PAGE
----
Prepared for 2010 Graduate seminarInformetrics and e-research (prof. Han Woo Park),at Yeungnam Univ. in S. Korea<br />The Promise of Data in e-Research<br />Many Challenges, Multiple Solutions, Diverse Outcomes<br />Ann Zimmerman, Nathan Bos, <br />Judith S. Olsen and Gary M. Olsen<br />Presented by Kim KyoungEun<br />email@example.com<br />15. March 2010<br />
Introduction<br />▶ The period of ‘data deluge’ <br />(information explosion, information overload)<br />: The need to document, manage, transfer, analyze, and preserve digital data is a significant driver of the development of tools and technologies for e-research. <br />: It is not yet clear how data deluge will affect research practice and outcomes. <br />The purpose of this chapter is to analyze different approaches to data sharing in order to identify important factors that may lead to success. <br />
Introduction<br />▶ Although importance of shared access to data and collaboration across disciplines and distance, finding from both past and present studies show that efforts to share data face considerable social, organizational, legal, scientific, and technical challenges. <br />▶ The most significant obstacle is individualism of scientist. <br /> : the ‘selfish scientist’<br />◈ Goble & De Roure (2007) <br /> – “e-science is, inherently, me-science” <br />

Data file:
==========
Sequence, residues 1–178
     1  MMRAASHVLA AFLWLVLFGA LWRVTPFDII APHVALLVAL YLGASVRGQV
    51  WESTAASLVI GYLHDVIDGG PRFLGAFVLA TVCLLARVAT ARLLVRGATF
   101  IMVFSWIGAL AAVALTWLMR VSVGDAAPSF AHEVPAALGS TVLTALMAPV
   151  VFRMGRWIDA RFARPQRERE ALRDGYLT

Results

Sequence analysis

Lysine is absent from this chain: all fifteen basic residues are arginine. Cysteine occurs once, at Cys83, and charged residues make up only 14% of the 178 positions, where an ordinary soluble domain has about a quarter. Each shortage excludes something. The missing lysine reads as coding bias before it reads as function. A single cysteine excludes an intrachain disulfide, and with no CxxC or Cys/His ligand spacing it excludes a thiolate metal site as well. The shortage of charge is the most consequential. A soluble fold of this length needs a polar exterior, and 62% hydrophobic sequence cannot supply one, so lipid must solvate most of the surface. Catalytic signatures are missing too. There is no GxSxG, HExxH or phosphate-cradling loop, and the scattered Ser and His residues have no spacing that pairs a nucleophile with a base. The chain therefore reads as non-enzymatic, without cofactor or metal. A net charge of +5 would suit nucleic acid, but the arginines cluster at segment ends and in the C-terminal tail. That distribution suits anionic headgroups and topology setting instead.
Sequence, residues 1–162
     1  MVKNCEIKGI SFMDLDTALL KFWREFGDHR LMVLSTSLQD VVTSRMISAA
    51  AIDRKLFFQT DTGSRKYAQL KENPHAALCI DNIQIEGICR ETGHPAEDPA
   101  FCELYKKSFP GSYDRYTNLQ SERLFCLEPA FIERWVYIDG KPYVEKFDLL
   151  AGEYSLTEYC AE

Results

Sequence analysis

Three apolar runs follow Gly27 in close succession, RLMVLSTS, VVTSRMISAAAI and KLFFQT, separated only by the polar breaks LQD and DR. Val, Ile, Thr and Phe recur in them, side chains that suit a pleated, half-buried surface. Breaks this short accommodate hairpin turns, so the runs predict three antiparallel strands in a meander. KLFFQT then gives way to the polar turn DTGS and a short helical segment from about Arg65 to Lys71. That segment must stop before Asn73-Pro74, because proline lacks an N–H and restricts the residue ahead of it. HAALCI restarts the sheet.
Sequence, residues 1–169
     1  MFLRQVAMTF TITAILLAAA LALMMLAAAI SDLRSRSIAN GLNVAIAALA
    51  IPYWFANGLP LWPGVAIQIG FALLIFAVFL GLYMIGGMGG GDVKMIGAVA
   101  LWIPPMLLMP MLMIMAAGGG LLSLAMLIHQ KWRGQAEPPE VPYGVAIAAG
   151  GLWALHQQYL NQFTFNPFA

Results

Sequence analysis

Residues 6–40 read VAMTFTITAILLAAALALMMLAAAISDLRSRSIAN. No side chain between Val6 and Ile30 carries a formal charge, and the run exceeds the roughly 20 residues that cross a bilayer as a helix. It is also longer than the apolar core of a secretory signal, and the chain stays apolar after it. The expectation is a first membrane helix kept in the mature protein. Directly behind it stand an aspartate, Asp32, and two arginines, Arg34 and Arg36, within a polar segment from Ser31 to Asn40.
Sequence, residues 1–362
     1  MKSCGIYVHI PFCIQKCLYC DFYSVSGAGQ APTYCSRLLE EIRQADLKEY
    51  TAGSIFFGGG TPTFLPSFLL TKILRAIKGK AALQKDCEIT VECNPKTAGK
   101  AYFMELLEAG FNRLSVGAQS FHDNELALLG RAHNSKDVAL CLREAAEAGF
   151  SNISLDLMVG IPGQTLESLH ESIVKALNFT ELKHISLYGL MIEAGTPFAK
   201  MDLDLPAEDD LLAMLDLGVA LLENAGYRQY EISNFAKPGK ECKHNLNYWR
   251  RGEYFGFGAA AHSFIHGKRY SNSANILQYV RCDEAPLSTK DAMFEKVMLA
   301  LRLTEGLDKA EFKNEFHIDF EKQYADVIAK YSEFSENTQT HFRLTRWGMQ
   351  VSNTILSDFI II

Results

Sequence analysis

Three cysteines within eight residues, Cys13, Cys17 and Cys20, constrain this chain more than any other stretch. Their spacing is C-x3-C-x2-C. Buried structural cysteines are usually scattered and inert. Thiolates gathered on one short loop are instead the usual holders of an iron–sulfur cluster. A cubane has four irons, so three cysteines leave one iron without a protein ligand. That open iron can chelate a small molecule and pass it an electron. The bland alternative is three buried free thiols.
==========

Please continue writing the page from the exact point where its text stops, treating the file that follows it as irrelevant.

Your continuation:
Introduction<br />▶ A study by a special committee of the Ecological Society of America found that fields where data sharing is common are characterized by a mixture of :<br /><ul><li>Technical capabilities such as free and easy software for data transfer
Scientifically motivated needs, especially the questions that researchers want to answer and
Socially influenced demands and incentives</li></li></ul><li>Introduction<br />▶ The methods used to make research data available outside the context in which they were collected raise a number of questions for those interested in e-research : <br /><ul><li>How do different data sharing approaches affect researcher’ abilities to reuse data collected by others?
Why are data sharing methods that achieve positive results in one context not effective in another case?
Do shared data get used, and if so, how are they used? </li></li></ul><li>Introduction<br />▶ The question we take up in this chapter is one that has, to date, received little direct attention: <br /> How do the origins of digital databases and the context from which they emerge affect research practice, researcher’ attitudes toward data sharing, and the relations between researchers and other actors such as computer scientists, data managers, and information scientist?<br />-> This chapter designed to address this question. <br />
Data Sources and Methods<br />▶ data : “scientific or technical measurements, values calculated there from, and observations or facts that can be represented by numbers, tables, graphs, models, text, or symbols and that are used as a basis for reasoning or further calculation” <br />▶ Below we briefly describe our data corpus, which includes a meta-analysis of multiple distributed collaborations and a focused view of data sharing in one discipline. <br />